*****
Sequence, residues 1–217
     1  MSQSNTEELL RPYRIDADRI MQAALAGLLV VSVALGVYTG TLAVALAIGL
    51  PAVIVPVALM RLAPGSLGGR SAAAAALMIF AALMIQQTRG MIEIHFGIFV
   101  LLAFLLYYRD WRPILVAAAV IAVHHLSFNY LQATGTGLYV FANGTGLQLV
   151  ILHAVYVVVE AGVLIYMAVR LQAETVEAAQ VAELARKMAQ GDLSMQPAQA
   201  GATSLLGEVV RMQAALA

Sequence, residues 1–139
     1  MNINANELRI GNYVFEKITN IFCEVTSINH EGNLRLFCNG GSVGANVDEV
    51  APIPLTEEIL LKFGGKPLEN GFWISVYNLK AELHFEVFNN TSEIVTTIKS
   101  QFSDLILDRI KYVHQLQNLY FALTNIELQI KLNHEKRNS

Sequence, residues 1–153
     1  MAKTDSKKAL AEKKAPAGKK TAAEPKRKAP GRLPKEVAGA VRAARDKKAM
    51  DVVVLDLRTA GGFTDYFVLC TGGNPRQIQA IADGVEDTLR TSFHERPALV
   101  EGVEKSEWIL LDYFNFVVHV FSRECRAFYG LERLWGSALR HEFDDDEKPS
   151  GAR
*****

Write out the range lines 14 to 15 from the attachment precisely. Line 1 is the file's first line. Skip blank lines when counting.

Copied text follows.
   101  EGVEKSEWIL LDYFNFVVHV FSRECRAFYG LERLWGSALR HEFDDDEKPS
   151  GAR